In a recent post to the official Ghostbusters YouTube channel, professional prop maker [Ben Eadie] shows off some of the tricks of the trade when he takes a $15 USD “PKE Meter” toy from Hasbro and turns it into a screen-quality prop. Even if you’re not looking to get an early start on your Halloween costume, the techniques demonstrated in this video could be easily adapted to other projects. For those whose next ideal home improvement is a fireman’s pole and an ectoplasmic laser-confinement grid, you might want to grab a couple of these toys while they’re still cheap for eventual conversion.
The biggest takeaway from the video is probably the finishing techniques, as they could be used on any sort of realistic prop build. [Ben] starts by using a cabinet scraper to smooth out the lines on the plastic toy, and any holes are filled with the familiar baking soda and cyanoacrylate glue trick. Once the surfaces have been prepped, all the principle parts are sprayed with an adhesion promoter, followed by a coat of silver, and then the final black color.
This allows him to create a convincing “chipped paint” effect by strategically sanding or scraping through the top coat. Dabbing some toothpaste where you want the device to look worn down before spraying the final coat makes the process even faster, as it will prevent the top coat from sticking to the silver in the first place.
Unfortunately [Ben] doesn’t spend a whole lot of time explaining the electronics side of things, but it doesn’t look like there’s anything too complex going on. All the original gear is stripped, and it gets replaced with a microcontroller which we believe is an Adafruit ItsyBitsy nRF52840 Express. This is connected to two strings of tiny APA102 addressable LEDs which are run down the “wings” (we especially like the 3D printed lenses used to replace the original solid pips), and one that’s used to provide the iconic sine-wave display.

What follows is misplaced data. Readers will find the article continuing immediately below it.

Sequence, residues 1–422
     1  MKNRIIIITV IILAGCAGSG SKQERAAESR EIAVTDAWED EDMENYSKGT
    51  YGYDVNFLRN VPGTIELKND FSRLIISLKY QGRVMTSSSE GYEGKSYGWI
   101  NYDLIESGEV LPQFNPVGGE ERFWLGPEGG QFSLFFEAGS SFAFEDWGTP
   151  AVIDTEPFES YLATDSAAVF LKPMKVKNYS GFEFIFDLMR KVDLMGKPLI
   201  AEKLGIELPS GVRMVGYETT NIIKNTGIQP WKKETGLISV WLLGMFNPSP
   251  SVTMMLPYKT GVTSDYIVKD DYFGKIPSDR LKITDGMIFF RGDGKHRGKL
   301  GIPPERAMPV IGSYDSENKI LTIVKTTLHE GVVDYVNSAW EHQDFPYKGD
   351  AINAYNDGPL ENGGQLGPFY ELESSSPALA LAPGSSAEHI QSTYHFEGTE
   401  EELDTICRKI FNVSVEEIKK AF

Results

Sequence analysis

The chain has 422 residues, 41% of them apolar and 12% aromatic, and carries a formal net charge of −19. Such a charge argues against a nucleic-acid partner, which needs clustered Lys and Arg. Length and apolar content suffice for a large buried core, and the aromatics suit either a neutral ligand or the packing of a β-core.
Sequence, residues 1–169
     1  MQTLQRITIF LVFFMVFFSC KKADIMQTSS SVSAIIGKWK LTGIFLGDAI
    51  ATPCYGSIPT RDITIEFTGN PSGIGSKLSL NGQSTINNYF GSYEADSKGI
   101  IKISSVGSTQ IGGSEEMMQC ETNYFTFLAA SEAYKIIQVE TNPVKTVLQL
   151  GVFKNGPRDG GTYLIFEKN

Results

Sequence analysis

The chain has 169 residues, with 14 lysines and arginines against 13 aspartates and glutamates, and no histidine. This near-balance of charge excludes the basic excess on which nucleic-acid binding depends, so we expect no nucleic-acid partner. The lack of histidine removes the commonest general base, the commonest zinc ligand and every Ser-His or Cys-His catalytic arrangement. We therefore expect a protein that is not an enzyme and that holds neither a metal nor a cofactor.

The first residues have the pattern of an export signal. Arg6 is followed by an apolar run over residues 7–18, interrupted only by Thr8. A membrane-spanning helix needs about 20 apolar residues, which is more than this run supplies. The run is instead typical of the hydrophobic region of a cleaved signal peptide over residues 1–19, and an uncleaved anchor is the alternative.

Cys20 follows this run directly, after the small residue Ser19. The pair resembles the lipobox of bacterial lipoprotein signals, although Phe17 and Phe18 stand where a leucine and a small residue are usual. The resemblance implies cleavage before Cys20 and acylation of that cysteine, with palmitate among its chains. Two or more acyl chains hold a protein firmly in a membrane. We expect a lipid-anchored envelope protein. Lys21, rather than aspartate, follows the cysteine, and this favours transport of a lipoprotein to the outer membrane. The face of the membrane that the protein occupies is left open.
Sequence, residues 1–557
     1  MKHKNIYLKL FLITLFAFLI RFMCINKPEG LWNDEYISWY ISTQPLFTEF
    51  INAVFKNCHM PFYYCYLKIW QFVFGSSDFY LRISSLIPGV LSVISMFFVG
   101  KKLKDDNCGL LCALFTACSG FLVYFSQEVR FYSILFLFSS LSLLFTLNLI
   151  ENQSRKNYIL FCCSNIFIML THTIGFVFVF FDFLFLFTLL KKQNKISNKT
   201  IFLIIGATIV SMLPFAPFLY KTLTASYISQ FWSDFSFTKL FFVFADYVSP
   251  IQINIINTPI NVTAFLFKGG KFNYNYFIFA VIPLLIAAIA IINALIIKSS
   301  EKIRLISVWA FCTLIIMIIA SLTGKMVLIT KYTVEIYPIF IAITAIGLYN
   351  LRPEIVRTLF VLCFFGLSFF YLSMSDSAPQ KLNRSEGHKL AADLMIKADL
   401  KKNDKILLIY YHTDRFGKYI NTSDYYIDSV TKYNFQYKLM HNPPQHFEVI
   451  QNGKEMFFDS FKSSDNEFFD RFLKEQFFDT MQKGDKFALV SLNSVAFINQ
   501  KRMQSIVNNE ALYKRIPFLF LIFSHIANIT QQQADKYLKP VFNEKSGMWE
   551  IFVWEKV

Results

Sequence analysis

(We know, this is a little late for Halloween 2019, but just think about how early you’re going to be for Halloween 2020!)
While not actually capable of trapping and harnessing entities from the spirit realm, the replica pack nonetheless is impressive. Constructed primarily from EVA foam and PVC pipe, it’s built on a custom built Alice pack frame to make it easy to carry. The cyclotron scores some LEDs, and EL wire completes the neutrino wand. A rough-and-ready paintjob make the gear look well used, and the laser-printed labels go a long way to completing the look.
Fans of Ghostbusters will remember the PKE meter, a winged handheld device capable of detecting supernatural activity. Precious little technical data on the device remains, leaving us unable to replicate its functionality. However, the flashing, spreading wings serve as a strong visual indicator of danger, and [mosivers] decided this would be perfect for a Geiger counter build.
An SBM20 Geiger tube serves as the detection device, hooked up to an Arduino Nano. An OLED display is used to display the numerical data to the user. The enclosure and folding wings are 3D printed, and fitted with 80s-style yellow LEDs as per the original movie prop.